Storage and Other Enhancements
OpenShift 4.7 is based around Kubernetes 1.20. It utilizes Red Hat Enterprise Linux CoreOS (RHCOS) which is based on Red Hat Enterprise Linux 8.3.
Other enhancements related to IBM Z and LinuxONE in this release of OpenShift center around various storage options.
- Multipathing is now supported when utilizing Fiber Channel Protocol (FCP) attached storage providing high availability to SCSI disk devices.
- z/VM emulated FBA devices are now supported when deploying your cluster under z/VM offering an additional way to exploit FCP SCSI disks.
- iSCSI support is available for persistent storage increasing the available storage options to TCP/IP connected storage servers, beyond just FC or FCP.
- HyperPAV is supported for Fiber Channel attached ECKD DASD providing greater utilization and performance.
There are now three different solutions available on IBM Z and LinuxONE for shared persistent storage:
1. NFS has been available for a while and is a satisfactory solution for small, nonproduction clusters allowing you to take advantage of existing or easily provisioned NFS servers in your network at no additional cost.
2. IBM Spectrum Scale with IBM Spectrum Scale Cloud Native Storage Access is an enterprise scale, production-ready solution that provides a highly scalable, highly available, cluster-based solution with Backup and Disaster Recovery capabilities and it is supported on both FCP and FC attached storage. This solution can share data between different architectures like IBM Power, x86 and IBM Z.
3. OpenShift Container Storage (OCS) is available as a Technology Preview for OCP 4.6 and 4.7. OCS is widely used with OpenShift on other platforms such as x86 and has been developed to run with the OCP. It is a software defined storage solution backed by SCSI storage. As a technical preview, OCS is not supported for production but should be fully supported in a future release.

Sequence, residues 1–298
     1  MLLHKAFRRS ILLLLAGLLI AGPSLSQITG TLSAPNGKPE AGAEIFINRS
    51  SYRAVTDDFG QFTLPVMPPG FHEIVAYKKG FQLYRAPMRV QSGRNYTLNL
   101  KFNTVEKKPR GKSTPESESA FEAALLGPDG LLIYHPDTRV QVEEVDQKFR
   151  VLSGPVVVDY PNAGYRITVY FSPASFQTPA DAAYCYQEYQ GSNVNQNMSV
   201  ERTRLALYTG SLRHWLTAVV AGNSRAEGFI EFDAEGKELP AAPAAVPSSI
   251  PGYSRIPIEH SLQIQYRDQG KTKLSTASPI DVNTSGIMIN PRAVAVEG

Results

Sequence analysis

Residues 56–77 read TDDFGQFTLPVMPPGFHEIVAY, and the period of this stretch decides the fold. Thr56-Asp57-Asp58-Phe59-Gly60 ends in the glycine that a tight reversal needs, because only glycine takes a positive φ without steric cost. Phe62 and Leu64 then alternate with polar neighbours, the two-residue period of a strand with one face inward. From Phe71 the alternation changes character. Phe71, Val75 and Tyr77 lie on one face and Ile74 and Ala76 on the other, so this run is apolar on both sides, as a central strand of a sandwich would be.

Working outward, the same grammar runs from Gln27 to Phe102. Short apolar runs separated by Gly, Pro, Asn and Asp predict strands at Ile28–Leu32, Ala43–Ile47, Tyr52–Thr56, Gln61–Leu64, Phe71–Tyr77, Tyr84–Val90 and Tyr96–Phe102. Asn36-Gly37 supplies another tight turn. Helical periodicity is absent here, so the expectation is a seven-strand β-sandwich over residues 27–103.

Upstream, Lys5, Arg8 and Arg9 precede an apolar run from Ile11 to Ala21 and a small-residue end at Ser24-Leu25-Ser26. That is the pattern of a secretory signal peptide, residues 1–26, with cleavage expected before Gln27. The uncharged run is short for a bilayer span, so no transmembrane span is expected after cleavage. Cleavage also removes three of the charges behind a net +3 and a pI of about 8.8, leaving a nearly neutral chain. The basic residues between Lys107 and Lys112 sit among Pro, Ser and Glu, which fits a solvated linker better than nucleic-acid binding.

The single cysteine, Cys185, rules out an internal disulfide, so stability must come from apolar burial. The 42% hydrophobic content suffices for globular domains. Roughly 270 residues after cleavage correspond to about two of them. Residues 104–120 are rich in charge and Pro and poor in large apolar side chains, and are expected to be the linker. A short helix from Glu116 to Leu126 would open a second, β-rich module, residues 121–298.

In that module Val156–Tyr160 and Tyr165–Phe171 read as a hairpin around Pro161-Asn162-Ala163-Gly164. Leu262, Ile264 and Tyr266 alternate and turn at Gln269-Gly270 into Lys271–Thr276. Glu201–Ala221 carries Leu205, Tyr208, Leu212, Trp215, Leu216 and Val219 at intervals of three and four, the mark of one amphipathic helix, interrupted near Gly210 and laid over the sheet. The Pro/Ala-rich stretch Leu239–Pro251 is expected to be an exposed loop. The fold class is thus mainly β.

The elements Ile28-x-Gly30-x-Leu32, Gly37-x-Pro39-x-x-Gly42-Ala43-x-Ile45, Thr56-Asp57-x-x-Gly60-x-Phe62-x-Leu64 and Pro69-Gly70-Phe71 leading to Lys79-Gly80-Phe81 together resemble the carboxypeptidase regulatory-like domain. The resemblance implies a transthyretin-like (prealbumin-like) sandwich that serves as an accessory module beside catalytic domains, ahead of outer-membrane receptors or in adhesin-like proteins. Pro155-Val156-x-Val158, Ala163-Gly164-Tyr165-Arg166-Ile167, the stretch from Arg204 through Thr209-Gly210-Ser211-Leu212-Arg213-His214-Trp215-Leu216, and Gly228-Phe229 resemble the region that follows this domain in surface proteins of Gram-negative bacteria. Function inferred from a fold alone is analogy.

With the ability to utilize KVM on IBM Z and LinuxONE , OpenShift 4.7 enables you to deploy your cloud native applications in the hypervisor environment which best suits your needs. Along with these OpenShift enhancements IBM has continued to add to their Cloud Paks which enables you to build diverse types of solutions around automation, artificial intelligence, data, security, and integration. With LinuxONE and IBM Z you can host your entire on-prem cloud solution giving you unmatched security, reliability, and scale.
Get More Information
As an IBM Platinum Business Partner, Mainline has extensive experience with IBM mainframe systems and operating systems, and we can help you with Red Hat OpenShift, IBM Cloud Paks, z/OS, z/VM, Linux on IBM Z, and LinuxONE. To set up an in-depth discussion about how to get started using these technologies, please contact your Mainline Account Executive directly or contact us with any questions.
Related Articles and Links
Links to Running OpenShift on IBM Z and LinuxONE: